Friday, September 29, 2017
Book Review: 'Jane of Manchester' by J.G. Dow
British author J.G. Dow knows the area of her debut novel well. Living in the North of England she lived in Manchester to attend University of Manchester and now translates those memories (and creative impulses) into an impressively fine first novel – a book that is light reading and definitely falls in to the Chick Lit category so very poplar among readers today.
J.G. Dow introduces her main character Jane in a manner that in a few lines places a mirror up to the character allowing us to see her fully (as well as glimpses of the people we know who are quite like her!): ‘I left work a bit after five on a Wednesday, the rain teeming down and still felt totally cheesed off by the time I got to the bus stop and took a grotty seat near the rear on my way back to Rusholme. Will, my boss, had been bothering me all day about keeping track of the incoming orders and no amount of telling him I’d already done them seemed to suffice. I got back to my flat and climbed the stairs, feeling a bit knackered after being at the Florists all day arranging flowers and grinning away at old ladies even though I only slept a few hours the night before and I just wanted a sit down and have a drink. I took off my coat and hung it in the hallway and then wandered through to the fridge to pour a nice cold glass of rose before kicking off my sodden shoes and ringing my mum for a chat…‘ And so begins Jane’s diary.
The story is light, focuses on those aspects of being a single girl in a conclave of mating minded girlfriends who often interact through the accompaniment of liquor, used to lighten conversation and honest opinions. The synopsis – ‘Jane's life on the face of it isn't really too bad...she has great friends like party girl Natasha who's always up for a laugh and her close pal Polly, always there for her and of course her loving parents, but things could still be better...Most people she knows are either married or have kids and she has been single a while now and wonders if a good man is ever to be encountered again. The single life is far from a quiet one for Jane however, as she is constantly getting dragged to night clubs and bars by Natasha and the crew as well as enduring a particularly boozy weekend away at the seaside! Jane loves a lot about her life, disregarding rude plumbers in her flat and dealing with annoying superiors and a smug sister, but as a certain someone takes her eye, is everything about to change and get a whole lot more serious or is the single life determined to keep her captive a while longer yet...’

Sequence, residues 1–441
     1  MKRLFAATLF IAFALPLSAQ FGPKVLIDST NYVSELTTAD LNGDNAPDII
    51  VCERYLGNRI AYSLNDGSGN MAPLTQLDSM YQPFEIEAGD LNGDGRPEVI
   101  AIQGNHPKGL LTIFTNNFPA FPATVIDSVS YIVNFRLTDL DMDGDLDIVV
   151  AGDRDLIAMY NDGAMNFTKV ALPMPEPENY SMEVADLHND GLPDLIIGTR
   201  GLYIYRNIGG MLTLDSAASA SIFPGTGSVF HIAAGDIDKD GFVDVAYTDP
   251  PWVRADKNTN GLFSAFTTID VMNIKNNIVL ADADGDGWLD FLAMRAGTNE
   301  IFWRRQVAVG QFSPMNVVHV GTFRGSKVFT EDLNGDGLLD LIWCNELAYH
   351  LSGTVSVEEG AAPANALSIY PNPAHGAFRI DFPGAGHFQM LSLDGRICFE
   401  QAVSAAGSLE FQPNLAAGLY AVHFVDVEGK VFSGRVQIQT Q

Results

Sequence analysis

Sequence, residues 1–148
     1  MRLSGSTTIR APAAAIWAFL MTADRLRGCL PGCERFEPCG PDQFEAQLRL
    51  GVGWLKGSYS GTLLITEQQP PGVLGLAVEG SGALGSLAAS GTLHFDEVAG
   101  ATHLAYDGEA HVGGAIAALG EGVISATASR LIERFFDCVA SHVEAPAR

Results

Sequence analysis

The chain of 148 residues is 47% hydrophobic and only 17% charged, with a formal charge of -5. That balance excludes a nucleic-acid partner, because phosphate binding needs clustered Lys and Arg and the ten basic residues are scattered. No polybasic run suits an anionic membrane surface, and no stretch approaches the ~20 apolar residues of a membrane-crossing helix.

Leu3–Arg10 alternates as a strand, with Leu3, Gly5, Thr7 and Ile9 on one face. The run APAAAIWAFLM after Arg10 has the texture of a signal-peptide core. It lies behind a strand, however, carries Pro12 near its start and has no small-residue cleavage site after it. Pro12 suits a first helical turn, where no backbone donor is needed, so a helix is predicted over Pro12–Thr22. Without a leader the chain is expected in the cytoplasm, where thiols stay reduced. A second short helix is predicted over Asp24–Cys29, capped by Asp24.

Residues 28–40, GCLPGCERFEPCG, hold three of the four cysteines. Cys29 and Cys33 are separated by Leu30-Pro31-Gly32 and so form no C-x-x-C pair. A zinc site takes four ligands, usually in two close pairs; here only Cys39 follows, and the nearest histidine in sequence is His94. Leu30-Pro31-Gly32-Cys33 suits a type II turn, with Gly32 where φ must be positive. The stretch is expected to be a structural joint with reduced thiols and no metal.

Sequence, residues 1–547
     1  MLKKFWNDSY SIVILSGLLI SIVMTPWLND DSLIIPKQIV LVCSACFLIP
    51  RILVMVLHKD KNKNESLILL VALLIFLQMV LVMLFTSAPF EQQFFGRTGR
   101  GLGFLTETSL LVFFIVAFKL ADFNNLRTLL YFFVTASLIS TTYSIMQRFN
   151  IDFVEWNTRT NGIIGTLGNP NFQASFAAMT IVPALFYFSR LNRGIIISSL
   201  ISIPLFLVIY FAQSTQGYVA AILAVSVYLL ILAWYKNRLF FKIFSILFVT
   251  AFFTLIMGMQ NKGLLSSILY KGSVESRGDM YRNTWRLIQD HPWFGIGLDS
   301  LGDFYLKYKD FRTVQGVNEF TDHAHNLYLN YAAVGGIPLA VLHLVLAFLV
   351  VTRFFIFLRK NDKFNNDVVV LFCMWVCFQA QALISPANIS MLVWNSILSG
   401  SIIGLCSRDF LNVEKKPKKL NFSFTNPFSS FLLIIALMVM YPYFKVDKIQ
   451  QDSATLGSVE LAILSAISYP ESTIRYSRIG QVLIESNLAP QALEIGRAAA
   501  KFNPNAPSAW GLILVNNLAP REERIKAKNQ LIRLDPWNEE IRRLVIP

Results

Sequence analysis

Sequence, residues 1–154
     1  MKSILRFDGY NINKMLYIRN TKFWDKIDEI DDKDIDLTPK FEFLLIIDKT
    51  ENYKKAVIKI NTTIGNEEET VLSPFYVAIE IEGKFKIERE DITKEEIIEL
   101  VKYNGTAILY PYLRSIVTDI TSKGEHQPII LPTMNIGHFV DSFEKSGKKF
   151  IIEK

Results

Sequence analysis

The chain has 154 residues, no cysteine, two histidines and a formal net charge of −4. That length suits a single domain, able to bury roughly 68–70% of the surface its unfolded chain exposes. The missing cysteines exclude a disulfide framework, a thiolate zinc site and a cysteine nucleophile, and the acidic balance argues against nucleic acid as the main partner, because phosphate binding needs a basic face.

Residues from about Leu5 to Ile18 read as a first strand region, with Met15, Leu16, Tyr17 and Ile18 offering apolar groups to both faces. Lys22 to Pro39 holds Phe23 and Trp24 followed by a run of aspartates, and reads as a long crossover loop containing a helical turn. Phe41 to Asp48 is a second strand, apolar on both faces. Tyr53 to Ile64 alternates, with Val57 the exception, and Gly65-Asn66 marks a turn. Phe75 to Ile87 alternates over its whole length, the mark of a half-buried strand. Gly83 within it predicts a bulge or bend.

Light, airy, very British (a very high compliment!), JANE OF MANCHESTER tosses together a bit of philosophy with a lot of fun – one of those books for a lazy evening’s pleasure. Grady Harp, March 17
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